You probably know the recommendations for riding in the heat safely. Acclimate yourself with two weeks of consistent heat riding. You don’t have to ride every day in high temperatures, but you shouldn’t go more than two or three days between heat sessions. Moderate intensity activity is more effective than sitting passively in a sauna or hot area. If you’ve been riding much all summer, your body is likely already acclimated. Your blood plasma volume has increased, in order to produce more sweat. You’re sweating earlier and over more of your body. Of course staying hydrated and well fueled is critical to acclimation. There used to be a theory that you could train your body to work with less hydration and trainers would check a rider’s water bottle after a ride to see that they hadn’t drank it all! This is dangerous and ineffective. Water alone isn’t enough, either. You need to replace you electrolytes; salt, potassium, etc.
Morning and evening are obviously better times of day to ride in the heat, if you have a choice, but so is in a light rain, after a storm, or at least when it’s cloudy. I know some people hunker down on their indoor trainers when the heat soars. You could do the most heat-generating part of a workout with fans on you in air conditioning, and the rest of it outdoors at a moderate pace if you have to. I know someone who rides at 3:30 in the morning- you know who you are. Night-time can be a great time to ride the trails, but use excellent lights and don’t out-ride your beam. At all hours, don’t practice Jack rabbit starts, as you won’t be sweating enough to cool off efficiently yet, so warm up first and get sweating.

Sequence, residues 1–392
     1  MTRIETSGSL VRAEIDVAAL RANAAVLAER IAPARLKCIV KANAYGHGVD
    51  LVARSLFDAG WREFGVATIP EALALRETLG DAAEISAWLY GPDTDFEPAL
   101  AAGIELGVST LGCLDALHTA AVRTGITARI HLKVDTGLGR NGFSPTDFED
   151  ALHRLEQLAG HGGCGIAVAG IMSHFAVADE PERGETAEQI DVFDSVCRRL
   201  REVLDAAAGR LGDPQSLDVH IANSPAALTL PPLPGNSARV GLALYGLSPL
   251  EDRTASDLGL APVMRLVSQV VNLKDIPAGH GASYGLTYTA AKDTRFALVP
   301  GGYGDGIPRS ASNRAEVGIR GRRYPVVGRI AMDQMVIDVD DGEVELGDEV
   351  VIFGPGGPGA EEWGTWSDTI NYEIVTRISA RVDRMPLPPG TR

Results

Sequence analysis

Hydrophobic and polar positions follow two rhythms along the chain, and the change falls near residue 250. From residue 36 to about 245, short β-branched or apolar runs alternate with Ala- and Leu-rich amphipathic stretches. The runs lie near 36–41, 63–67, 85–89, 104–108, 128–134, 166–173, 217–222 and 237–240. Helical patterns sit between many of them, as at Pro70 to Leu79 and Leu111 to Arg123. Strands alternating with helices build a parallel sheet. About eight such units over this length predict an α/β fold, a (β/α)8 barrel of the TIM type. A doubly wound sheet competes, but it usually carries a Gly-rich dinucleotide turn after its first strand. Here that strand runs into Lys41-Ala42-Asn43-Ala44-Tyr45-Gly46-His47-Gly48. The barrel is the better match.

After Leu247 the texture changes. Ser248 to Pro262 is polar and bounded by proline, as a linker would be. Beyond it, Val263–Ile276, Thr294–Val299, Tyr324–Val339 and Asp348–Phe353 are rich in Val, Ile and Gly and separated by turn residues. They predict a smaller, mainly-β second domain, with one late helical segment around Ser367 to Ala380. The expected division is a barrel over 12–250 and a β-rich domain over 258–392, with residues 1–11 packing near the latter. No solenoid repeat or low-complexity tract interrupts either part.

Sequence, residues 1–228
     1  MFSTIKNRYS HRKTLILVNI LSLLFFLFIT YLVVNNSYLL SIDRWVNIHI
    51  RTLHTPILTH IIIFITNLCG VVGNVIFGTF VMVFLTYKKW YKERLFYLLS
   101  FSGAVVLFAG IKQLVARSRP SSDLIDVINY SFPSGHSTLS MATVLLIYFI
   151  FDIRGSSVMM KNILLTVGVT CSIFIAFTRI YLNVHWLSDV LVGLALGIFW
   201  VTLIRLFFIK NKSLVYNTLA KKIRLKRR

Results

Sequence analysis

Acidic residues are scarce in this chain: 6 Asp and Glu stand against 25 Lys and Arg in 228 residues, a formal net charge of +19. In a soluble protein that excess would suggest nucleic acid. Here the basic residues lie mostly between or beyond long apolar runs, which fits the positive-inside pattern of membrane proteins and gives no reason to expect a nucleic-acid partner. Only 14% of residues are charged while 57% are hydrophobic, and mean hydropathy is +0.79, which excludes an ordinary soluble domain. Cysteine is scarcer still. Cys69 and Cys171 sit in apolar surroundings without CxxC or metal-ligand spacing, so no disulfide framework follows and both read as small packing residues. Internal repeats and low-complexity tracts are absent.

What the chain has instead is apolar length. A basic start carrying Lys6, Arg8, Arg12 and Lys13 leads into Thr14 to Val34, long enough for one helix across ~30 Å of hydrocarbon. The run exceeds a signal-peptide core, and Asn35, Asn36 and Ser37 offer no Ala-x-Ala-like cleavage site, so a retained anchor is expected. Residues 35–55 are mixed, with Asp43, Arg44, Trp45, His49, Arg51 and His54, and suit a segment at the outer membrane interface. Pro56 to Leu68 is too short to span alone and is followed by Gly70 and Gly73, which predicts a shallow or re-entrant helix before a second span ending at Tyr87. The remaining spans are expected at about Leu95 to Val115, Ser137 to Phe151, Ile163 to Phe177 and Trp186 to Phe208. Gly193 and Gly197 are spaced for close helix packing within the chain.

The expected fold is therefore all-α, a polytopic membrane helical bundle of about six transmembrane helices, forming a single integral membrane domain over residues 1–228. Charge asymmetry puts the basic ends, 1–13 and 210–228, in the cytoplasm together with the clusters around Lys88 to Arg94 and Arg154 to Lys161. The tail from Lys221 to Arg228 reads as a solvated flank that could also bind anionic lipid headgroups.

Whether it’s a workout, ride, or commute, wetting yourself down is a huge benefit. Dump water over your head, dunk your clothes in water, ride through a sprinkler, even take extra water along just for this purpose. When we were bike touring in S.E. Asia, we’d stop at every gas station to saturate our jerseys and sunsleeves in the ever-present water barrels. That would keep us cool enough until the next station. Commuting here in Lincoln, when I have to be riding at the hottest, sunniest times of the day, I’ll wet down a long-sleeved loose, lightweight over-shirt and have air-conditioning for the next 10-15 minutes. This is also cooler dry than having the sun hit my skin directly, though people don’t believe me until they’ve tried it. If you’re commuting and can’t change your clothes, like me, choose lighter fabrics with patterns rather than solids as they won’t show sweat as much, and wicking fabrics to pull the sweat away from your body with evaporative cooling. I carry a small micro-fiber towel, and try to get there a little early, as I’ll be sweating profusely upon arrival. I cool down fairly quickly, though, so if I can stay outside in the shade for a few minutes, it makes a difference. Those of you with workplace showers and a place to change, enjoy.